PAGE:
From malls of Florida to Idaho fields, the slump is hard to find
Trillions of dollars of America's stock wealth have disappeared. Vanished. Poof.
But try to figure where the slump has hurt most and the trail begins to look like, well, a disappearing act.
Clearly, the stock market's woes have crimped consumer spending, hurt investors, and caused thousands to lose their jobs. But compared with previous recessions, when Midwestern factory towns or defense-industry bastions on the East and West coasts were hit hard and visibly, the 21st Century's first recession looks far more diffuse.
Except for Wall Street itself perhaps, specific swaths of the United States have not experienced a huge downturn. At least, not yet. At the same time, few regional engines of growth look ready to power the nation out of its slump.
"When you look at the total impact of changes in stock wealth, it's a big deal," says Chris Varvares of Macroeconomic Advisers here in St. Louis. But stock market losses of $6.9 trillion since 2000 haven't "been strong enough to stop growth in consumer spending."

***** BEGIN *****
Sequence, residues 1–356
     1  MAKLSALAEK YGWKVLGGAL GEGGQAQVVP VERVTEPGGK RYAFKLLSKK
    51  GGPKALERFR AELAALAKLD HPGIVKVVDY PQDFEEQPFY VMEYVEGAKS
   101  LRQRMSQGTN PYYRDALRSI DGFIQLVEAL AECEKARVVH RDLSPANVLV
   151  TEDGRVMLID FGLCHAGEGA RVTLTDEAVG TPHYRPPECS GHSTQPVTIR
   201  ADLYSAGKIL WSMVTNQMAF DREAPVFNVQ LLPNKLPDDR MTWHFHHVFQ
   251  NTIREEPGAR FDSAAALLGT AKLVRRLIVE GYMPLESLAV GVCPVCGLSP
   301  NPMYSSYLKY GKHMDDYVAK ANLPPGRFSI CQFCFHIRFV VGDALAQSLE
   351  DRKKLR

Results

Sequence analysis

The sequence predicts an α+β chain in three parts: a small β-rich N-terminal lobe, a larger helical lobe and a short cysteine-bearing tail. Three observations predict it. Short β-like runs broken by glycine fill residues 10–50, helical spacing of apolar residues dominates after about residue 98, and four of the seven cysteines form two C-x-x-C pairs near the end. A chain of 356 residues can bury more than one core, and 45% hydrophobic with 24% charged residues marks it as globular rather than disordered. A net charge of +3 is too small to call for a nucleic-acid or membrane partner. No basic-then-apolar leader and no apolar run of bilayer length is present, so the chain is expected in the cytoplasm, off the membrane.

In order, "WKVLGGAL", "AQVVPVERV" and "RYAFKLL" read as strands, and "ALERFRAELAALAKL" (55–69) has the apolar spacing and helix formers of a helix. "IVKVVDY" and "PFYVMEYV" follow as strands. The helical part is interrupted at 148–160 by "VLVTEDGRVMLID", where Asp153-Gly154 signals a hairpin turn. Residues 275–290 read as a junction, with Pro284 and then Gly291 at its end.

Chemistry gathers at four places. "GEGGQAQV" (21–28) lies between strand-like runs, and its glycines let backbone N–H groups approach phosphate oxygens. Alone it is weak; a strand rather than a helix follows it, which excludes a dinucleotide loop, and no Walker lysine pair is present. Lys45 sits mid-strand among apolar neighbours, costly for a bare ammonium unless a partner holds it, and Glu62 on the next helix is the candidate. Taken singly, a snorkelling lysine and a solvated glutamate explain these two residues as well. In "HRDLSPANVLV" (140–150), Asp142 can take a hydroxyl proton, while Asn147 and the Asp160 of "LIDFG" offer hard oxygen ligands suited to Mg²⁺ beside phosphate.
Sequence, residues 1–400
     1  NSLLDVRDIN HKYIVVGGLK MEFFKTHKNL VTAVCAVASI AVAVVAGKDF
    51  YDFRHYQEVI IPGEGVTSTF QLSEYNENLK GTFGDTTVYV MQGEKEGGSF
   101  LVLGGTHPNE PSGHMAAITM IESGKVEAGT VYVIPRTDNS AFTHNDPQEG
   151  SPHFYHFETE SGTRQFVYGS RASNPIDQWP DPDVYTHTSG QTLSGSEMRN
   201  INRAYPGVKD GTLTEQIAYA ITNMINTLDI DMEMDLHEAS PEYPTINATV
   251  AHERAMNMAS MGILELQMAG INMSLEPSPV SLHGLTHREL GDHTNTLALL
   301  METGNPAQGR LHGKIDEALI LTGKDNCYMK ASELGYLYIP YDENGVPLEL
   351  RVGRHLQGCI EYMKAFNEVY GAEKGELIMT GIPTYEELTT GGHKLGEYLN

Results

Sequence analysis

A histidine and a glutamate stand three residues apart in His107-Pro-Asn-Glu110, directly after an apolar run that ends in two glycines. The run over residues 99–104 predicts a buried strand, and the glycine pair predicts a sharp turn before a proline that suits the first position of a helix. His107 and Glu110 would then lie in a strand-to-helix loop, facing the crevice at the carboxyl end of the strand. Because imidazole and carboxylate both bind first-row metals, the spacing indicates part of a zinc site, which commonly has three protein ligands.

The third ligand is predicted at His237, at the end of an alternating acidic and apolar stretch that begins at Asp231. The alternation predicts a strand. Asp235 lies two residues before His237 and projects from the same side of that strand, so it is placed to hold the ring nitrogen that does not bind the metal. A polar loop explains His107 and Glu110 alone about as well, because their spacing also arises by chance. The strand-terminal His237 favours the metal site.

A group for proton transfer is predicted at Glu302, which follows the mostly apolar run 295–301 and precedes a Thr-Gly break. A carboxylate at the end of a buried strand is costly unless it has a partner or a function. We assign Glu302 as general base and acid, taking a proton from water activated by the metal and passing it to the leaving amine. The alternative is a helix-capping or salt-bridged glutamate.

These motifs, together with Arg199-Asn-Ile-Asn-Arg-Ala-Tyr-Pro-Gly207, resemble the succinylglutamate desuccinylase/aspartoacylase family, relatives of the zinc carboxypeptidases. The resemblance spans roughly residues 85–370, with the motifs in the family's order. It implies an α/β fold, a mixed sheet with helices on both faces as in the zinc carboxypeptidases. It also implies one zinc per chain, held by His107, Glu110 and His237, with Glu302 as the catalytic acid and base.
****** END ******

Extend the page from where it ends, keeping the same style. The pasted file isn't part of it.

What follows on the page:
In fact, a new Christian Science Monitor/TIPP poll shows a small uptick in Americans' economic confidence. The poll's index of economic optimism edged up to 55.6, up from 54.9 in July but still below its peak of 62.9 in March. This month's gain was based on improved expectations for the economy six months from now.
Prospects for a recovery hinge on the notion that consumer spending flows mainly from salaries, not the stock market. And relatively few Americans have lost their jobs compared with previous recessions. Unemployment remains at a relatively modest 5.9 percent.
Moreover, to the degree that the economy has worsened, it has not worsened in demographically predictable ways.
For example, conventional wisdom would suggest America's retirees and those soon to retire should be panicking. After all, from 1989 to 1998, the share of 55- to 64-year-old investing in the stock market jumped by one-fifth the biggest increase of any age group, according to the Federal Reserve. By 1998, the same group had more of its financial assets tied up in stocks (58 percent) than any other age bracket.
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